Hong Kong Arts Festival’s 2017 line-up is a refreshing change
Often criticised as too conservative and behind the times, organisers have swapped Shakespeare for contemporary theatre and co-commissioned an opera. Jane Birkin and favourites Tanztheater Wuppertal Pina Bausch return
The Hong Kong Arts Festival has unveiled the full programme for its 45th edition, which starts in February 2017, and it contains some surprises that may appease critics who complain that Asia’s largest performance arts showcase is too conservative, too focused on bringing over the big names and too late with everything.
Even the website is much improved and easier to navigate.
Take the theatre section, for example. Previous years have often featured big UK groups with their British Council-endorsed, school-friendly programming. There will always be appetite for Shakespeare, but it is refreshing to see that next year’s offerings are all contemporary and wonderfully relevant.
The Gabriels: Election Year in the Life of One Family is a trilogy fresh from New York’s Public Theatre that is set around the kitchen table of a suburban American family. It will be interesting to see how A Floating Family – the festival’s own commission, also a set of three plays that track the life of a local family – measures up. The latter is written by Loong Man-hong and directed by Fong Chun-kit, the team behind last year’s similarly themed The Abandoned Harbour, which received mixed reviews. A Floating Family takes a look at one family’s experience through the handover 20 years earlier and the Sars epidemic, and looks ahead to the next chief executive election.
Organisers seem to be addressing the longstanding absence of North American theatre from the festival by also bringing over Thaddeus Phillips’ 17 Border Crossing – another new American play that touches on immigration and the current Syrian refugee crisis. Even Britain’s Rose Theatre Kingston (which was responsible for a disappointing The Importance of Being Ernest at the 2012 festival) is returning with Arthur Miller’s All My Sons.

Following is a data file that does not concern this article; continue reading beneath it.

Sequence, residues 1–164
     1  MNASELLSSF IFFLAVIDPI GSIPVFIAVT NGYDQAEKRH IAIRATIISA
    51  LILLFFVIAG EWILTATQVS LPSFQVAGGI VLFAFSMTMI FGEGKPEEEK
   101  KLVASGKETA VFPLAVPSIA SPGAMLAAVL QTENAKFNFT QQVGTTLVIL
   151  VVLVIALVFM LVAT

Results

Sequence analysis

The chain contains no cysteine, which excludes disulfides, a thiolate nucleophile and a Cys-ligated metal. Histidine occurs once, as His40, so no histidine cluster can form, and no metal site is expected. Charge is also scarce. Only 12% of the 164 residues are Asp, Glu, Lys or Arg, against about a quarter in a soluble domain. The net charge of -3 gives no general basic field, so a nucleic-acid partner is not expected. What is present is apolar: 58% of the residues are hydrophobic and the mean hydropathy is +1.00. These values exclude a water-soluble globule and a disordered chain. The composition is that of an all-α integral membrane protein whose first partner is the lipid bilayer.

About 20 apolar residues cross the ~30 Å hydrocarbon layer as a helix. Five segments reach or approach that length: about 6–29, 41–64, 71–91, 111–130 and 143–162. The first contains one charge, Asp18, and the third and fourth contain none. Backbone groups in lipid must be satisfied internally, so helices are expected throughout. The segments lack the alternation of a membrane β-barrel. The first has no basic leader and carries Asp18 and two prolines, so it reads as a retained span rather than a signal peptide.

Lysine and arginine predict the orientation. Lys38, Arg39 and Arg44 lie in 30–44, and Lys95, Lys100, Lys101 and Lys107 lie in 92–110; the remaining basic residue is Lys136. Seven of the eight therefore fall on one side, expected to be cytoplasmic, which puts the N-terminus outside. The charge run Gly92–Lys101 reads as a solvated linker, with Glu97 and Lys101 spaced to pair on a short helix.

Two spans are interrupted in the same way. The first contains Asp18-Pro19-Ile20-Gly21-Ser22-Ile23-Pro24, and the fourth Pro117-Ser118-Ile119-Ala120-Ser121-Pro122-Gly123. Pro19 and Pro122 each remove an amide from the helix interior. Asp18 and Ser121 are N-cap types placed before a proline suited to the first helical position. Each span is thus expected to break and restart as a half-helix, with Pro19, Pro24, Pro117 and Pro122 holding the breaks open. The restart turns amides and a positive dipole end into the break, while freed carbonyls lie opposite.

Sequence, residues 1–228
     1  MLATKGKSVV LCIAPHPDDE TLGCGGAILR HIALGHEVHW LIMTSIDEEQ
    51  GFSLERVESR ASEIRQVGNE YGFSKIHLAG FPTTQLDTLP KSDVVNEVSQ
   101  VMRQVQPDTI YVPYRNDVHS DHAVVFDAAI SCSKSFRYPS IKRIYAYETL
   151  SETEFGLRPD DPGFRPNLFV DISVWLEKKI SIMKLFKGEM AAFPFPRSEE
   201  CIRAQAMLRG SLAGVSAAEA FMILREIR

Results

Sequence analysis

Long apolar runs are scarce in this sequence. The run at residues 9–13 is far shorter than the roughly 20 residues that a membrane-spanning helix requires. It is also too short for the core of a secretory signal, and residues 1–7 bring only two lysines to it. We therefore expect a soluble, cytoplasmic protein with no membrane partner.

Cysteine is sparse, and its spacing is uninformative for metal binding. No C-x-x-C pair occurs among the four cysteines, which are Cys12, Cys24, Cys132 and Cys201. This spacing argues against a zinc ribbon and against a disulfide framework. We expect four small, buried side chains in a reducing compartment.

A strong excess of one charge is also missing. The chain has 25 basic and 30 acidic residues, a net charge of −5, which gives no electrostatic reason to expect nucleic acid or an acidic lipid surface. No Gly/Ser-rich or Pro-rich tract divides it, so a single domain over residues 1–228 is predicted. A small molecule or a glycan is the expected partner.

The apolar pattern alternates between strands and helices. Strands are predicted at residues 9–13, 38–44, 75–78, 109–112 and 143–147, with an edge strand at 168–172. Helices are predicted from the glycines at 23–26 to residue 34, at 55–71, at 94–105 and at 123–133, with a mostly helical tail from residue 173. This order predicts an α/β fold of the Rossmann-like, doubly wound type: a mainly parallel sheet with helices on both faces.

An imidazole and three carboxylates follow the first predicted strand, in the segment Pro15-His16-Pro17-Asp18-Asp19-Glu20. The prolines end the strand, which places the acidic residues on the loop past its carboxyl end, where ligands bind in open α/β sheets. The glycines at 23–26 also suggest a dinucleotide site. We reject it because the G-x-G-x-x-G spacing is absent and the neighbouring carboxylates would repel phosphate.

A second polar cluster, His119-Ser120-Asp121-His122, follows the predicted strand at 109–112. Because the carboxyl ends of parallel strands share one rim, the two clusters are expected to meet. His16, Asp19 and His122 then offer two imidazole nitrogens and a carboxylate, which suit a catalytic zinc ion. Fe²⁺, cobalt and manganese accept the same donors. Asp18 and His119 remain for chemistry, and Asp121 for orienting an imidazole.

Other highlights include The Beauty Queen of Leenane, a new 20th anniversary production of a play that premiered in 1996, as well as Jon Fosse’s Norwegian play Shadows, a nice follow-up to last year’s theatre workshops at West Kowloon that the playwright attended. Featuring a cast of children, the stage set rather uncannily echoes that of Five Easy Pieces, a play by Swiss director Milo Rau performed recently at the Singapore arts festival.
The music section is full of great Baroque programmes as well as the much anticipated Dream of the Red Chamber, a festival co-production with San Francisco Opera with a libretto by David Henry Hwang and Bright Sheng.
Opera fans will also have a chance to see a very late work by Janacek. The Makropulos Case, inspired by the Czech composer’s infatuation with a much younger woman at the time, will be performed by National Theatre Brno, which premiered the work back in 1926 and is also performing Dvorak’s Stabat Mater and an all-Janacek concert in Hong Kong.
And Jane Birkin is coming back! Last seen at the 2004 festival, she will perform in a symphonic concert that is a tribute to Serge Gainsbourg.
Other names that jump out from the programme include Vasily Petrenko and the highly respected Oslo Philharmonic, the multi-talented Emir Kusturica, who is coming with the No Smoking Orchestra, as well as Arianna Savall and Petter Udland Johansen, here with their ensemble Hirundo Maris.
In dance, Les Ballets Jazz de Montreal will showcase their signature “jazzing up” of classical ballet, while the traditionalists will prefer La Bayadere by the Bavarian State Ballet. Tanztheater Wuppertal Pina Bausch returns, again, with its popular Café Müller and The Rite of Spring.